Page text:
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Othello is certainly a tragedy by every definition of the word. In the most basic and commonplace sense, it is the story of terrible events, ending in violent death. A newspaper reporting on the carnage involved, particularly the murder of the innocent Desdemona, might legitimately describe the events of the play as tragic. Beyond this, Othello is a classical tragedy according to the criteria set forth by Aristotle in the Poetics. A great man of noble character, Othello, falls from a high position through his tragic flaw (in this case, jealousy) and in the process gains self-knowledge and understanding of the world around him. The audience experiences pity and terror at the sight of this fall, leading to the purgation of these emotions in a process Aristotle calls catharsis.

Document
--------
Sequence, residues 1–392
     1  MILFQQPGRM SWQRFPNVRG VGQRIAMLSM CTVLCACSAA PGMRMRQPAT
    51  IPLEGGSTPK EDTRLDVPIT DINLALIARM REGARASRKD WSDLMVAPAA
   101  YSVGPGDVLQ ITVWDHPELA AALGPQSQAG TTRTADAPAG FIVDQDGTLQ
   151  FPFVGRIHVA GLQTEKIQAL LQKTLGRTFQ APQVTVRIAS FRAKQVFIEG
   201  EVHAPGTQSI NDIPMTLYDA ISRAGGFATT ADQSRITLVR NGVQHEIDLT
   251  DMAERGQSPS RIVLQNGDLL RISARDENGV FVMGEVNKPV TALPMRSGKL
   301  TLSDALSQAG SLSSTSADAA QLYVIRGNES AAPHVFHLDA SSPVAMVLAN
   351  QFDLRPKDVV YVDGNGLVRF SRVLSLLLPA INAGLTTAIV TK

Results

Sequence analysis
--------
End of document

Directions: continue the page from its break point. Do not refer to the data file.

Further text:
Othello is also a prime example of Renaissance tragedy and, of course, Shakespearean tragedy. A.C. Bradley, one of the most influential critics of Shakespeare in the early twentieth century, named it as one of the four...

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Last Reviewed by eNotes Editorial on December 31, 2019
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